Luigi's Mansion

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Luigi's Mansion
ルイージマンション
Ruīji Manshon
Luigi's Mansion NA box.jpg
Developer: Nintendo EAD
Publisher: Nintendo
Platform: Nintendo GameCube
Category: Action-adventure
Players: 1
Predecessor: N/A
Successor: Luigi's Mansion: Dark Moon
Release dates
N. America:

November 18, 2001

Japan:

September 14, 2001

Europe:

May 3, 2002

Australia:

May 17, 2002

Ratings
ACB:

G

ESRB:

E

PEGI:

3

USK:

0

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Luigi's Mansion is a spin-off Super Mario game and launch title released for the Nintendo GameCube. While originally conceptualized during the Nintendo 64's lifespan, the project was first revealed as a tech demo for the Nintendo GameCube at Spaceworld 2001 before being developed into a full game. The game stars Luigi as he travels through a haunted mansion filled with ghosts that he has to defeat.

Luigi's Mansion was re-released as a Player's Choice title in 2002 in Europe and 2003 in North America. In 2013, twelve years after this game was released, a sequel would be released for Nintendo 3DS, known as Luigi's Mansion: Dark Moon.

Contents

Blurb

Box

Luigi's Won a Mansion!
The bad news is that it's crawling with ghosts...and Mario seems to be trapped inside...

Luigi's in for a spooktackular surprise as he creeps into the pitch-dark mansion he won, armed with only a flashlight and a vacuum custom-made for sucking up ghosts.

Ghosts lurk in every nook and cranny. You'll have to master the Poltergust 3000 to vacuum them all up!

Jewels, coins and cash are hidden throughout the mansion–and finding it all will be worth your while...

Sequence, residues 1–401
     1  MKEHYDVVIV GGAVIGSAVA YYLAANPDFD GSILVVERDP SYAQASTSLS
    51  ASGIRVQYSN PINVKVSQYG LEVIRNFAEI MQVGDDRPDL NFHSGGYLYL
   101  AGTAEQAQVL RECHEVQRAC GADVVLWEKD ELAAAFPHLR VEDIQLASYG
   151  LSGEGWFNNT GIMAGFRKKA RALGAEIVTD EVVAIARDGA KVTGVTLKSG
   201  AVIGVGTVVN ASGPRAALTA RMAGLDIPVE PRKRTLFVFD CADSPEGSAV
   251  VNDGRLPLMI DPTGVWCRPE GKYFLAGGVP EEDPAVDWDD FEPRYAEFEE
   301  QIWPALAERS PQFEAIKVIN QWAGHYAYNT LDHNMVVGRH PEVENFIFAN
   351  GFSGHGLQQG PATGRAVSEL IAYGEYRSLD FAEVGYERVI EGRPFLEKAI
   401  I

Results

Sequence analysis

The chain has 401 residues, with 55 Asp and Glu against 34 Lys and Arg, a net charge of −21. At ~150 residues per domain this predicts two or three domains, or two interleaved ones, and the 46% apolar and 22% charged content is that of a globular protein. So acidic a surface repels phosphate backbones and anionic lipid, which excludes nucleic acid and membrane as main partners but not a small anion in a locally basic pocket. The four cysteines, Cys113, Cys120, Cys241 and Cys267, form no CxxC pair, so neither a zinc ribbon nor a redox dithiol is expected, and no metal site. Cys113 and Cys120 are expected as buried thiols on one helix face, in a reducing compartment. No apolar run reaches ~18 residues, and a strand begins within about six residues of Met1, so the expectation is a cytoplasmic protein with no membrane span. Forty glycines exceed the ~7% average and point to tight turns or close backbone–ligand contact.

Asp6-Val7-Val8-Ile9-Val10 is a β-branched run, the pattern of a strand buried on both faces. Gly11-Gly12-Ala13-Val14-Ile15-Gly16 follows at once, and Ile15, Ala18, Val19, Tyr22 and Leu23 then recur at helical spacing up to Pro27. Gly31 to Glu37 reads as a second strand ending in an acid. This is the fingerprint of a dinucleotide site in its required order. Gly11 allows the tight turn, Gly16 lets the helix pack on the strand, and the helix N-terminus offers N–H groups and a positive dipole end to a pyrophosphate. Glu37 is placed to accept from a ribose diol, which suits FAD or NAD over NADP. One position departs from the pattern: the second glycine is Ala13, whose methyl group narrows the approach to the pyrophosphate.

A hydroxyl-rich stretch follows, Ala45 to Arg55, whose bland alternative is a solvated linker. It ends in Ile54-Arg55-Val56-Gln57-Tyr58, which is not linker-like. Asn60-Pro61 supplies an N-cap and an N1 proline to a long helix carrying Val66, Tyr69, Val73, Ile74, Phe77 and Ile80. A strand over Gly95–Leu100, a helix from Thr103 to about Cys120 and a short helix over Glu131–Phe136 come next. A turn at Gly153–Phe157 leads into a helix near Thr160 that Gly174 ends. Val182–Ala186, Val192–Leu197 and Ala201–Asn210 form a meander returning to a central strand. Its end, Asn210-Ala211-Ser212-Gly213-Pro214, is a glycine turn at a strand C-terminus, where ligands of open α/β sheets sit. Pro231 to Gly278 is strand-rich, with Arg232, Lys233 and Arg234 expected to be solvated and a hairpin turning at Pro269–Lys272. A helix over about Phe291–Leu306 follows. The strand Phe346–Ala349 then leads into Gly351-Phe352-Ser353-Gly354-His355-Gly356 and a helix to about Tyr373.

You'll have to solve the mansion's many mysteries to catch a gallery of quirky ghouls, such as the fire-belching Mr. Luggs.

Deep inside the mansion hide elusive boss ghosts like Gobmire, each with ghastly powers and a ghostly bone to pick with Luigi!

After collecting special medals, you'll be able to shoot fire, water, and ice from your vacuum to unearth secrets and thwart extra-eerie ghosts!

Story

Luigi has won a mansion in the middle of a haunted forest from a contest that he did not enter. The two brothers head to the mansion to celebrate, but when Luigi arrives he finds that Mario is not there, even though he should have arrived first. Luigi encounters a group of ghosts, but is saved by a scientist who introduces himself as Professor E. Gadd. After they escape, Gadd explains that Mario was captured by the ghosts inhabiting the mansion, who were all freed from paintings by their leader, King Boo. Gadd gives Luigi a vacuum-cleaner-device known as the Poltergust 30000 that will allow him to suck up the ghosts, and tasks him with retrieving all of the painting ghosts and rescuing Mario.

Gameplay

Luigi's Mansion is notable for being one of the few Mario games to star Luigi as the main character rather than Mario. Players are tasked with exploring the mansion to both find and rescue the kidnapped Mario while also sucking up all of the ghosts that are inhabiting it. Luigi can use the Poltergust 3000 by holding down the R button to vacuum, and later gains the ability to suck up and shoot various elements by pressing L. The player sucks up ghosts by first shining their flashlight at them to stun them, and then sucking them into the vacuum by pulling them back with it. The game also uses a more traditional health system similar to Super Mario 64; Luigi is given 100 health points (represented by a giant heart on the HUD) that depletes every time he is hit, and can be replenished by collecting hearts.

Luigi is given another device, the "Game Boy Horror", which allows the player to search the room by pressing X, bring up a map of the mansion with Y, and check their current inventory with Z. The Game Boy Horror is also displayed on the bottom right corner of the screen, showing the player's current amount of money, as well as an LED that indicates where a Boo is in the room.

Technical details

Technical Details
Media

Nintendo GameCube Game Disc

Save data size

3 blocks

Supported features

Progressive scan

Input / compatible controllers

Nintendo GameCube Controller

Trivia

  • Luigi's Mansion was originally designed with the intention of being displayed in steroscopic 3D; the Nintendo GameCube was built with this capability and would have used an unreleased add-on to enable it.

External links


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